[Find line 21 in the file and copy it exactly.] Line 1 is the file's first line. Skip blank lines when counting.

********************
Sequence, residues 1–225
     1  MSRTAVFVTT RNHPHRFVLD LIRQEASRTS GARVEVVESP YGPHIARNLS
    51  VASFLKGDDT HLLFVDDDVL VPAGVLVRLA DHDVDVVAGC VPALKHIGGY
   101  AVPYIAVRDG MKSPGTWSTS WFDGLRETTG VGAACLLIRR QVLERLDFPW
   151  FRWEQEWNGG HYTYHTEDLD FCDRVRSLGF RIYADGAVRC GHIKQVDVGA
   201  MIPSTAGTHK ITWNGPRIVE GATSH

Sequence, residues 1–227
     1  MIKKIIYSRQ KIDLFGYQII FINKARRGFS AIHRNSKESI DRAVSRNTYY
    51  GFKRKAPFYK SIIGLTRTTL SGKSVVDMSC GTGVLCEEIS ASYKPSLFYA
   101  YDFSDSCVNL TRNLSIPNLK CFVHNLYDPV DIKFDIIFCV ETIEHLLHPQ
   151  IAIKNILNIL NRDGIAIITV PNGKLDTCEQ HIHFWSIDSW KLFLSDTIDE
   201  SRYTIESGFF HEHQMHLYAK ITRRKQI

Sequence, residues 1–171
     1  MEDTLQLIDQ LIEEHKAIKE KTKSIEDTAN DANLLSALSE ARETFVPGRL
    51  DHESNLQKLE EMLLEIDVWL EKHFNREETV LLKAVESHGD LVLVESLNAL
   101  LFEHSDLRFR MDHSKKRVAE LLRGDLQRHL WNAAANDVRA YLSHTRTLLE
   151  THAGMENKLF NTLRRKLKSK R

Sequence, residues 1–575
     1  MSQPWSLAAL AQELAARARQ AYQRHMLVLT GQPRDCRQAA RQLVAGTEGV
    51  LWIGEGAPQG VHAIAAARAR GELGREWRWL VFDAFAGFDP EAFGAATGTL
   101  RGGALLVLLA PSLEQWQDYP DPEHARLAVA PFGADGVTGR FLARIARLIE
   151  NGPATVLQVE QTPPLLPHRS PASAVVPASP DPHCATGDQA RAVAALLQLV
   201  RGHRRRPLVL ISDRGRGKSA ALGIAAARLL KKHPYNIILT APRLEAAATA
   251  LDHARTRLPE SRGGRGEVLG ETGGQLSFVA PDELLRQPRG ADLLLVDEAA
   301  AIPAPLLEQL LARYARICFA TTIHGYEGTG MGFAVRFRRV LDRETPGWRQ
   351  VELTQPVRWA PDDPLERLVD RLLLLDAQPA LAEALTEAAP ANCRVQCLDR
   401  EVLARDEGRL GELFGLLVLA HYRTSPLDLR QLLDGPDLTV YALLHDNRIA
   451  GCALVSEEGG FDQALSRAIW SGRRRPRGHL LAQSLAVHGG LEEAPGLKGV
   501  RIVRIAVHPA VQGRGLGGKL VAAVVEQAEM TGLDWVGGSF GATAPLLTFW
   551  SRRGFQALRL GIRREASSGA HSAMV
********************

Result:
   101  RGGALLVLLA PSLEQWQDYP DPEHARLAVA PFGADGVTGR FLARIARLIE